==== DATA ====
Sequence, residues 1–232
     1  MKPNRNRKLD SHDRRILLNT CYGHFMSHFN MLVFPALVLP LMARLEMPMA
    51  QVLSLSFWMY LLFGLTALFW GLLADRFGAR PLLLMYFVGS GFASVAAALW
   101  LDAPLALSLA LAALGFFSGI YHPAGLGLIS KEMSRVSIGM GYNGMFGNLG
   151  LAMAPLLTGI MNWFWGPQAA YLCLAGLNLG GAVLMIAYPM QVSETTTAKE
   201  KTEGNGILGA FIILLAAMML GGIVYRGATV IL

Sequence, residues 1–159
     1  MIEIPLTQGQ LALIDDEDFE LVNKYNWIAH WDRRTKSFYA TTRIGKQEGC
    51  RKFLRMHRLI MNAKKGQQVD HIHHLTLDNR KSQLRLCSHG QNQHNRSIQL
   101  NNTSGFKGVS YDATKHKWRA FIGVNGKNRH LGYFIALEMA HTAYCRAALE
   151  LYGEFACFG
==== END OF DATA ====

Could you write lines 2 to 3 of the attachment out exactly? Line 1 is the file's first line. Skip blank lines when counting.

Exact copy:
     1  MKPNRNRKLD SHDRRILLNT CYGHFMSHFN MLVFPALVLP LMARLEMPMA
    51  QVLSLSFWMY LLFGLTALFW GLLADRFGAR PLLLMYFVGS GFASVAAALW